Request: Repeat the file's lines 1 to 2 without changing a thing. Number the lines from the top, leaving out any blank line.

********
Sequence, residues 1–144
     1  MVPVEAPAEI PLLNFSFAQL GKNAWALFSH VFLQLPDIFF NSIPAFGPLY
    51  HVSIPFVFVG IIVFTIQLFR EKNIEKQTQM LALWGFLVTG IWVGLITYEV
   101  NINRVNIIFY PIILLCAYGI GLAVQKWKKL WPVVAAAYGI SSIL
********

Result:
Sequence, residues 1–144
     1  MVPVEAPAEI PLLNFSFAQL GKNAWALFSH VFLQLPDIFF NSIPAFGPLY